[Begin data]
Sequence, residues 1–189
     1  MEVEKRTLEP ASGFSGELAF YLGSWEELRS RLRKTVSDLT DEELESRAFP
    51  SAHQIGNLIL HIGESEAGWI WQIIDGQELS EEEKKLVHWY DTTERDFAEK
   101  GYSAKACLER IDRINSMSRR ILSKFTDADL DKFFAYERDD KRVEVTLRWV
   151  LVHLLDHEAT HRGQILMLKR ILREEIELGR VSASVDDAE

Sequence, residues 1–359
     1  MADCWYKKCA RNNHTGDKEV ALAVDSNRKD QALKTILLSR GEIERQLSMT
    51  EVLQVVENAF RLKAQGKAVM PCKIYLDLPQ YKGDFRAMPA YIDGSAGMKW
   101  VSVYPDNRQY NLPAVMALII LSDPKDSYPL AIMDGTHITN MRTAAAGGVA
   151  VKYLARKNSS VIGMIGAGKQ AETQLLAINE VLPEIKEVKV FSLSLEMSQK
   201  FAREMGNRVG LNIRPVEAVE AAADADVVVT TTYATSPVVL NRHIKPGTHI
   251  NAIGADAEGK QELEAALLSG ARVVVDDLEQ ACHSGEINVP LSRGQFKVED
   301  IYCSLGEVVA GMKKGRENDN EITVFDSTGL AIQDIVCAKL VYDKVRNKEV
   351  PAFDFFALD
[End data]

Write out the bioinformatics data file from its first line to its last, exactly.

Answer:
Sequence, residues 1–189
     1  MEVEKRTLEP ASGFSGELAF YLGSWEELRS RLRKTVSDLT DEELESRAFP
    51  SAHQIGNLIL HIGESEAGWI WQIIDGQELS EEEKKLVHWY DTTERDFAEK
   101  GYSAKACLER IDRINSMSRR ILSKFTDADL DKFFAYERDD KRVEVTLRWV
   151  LVHLLDHEAT HRGQILMLKR ILREEIELGR VSASVDDAE

Sequence, residues 1–359
     1  MADCWYKKCA RNNHTGDKEV ALAVDSNRKD QALKTILLSR GEIERQLSMT
    51  EVLQVVENAF RLKAQGKAVM PCKIYLDLPQ YKGDFRAMPA YIDGSAGMKW
   101  VSVYPDNRQY NLPAVMALII LSDPKDSYPL AIMDGTHITN MRTAAAGGVA
   151  VKYLARKNSS VIGMIGAGKQ AETQLLAINE VLPEIKEVKV FSLSLEMSQK
   201  FAREMGNRVG LNIRPVEAVE AAADADVVVT TTYATSPVVL NRHIKPGTHI
   251  NAIGADAEGK QELEAALLSG ARVVVDDLEQ ACHSGEINVP LSRGQFKVED
   301  IYCSLGEVVA GMKKGRENDN EITVFDSTGL AIQDIVCAKL VYDKVRNKEV
   351  PAFDFFALD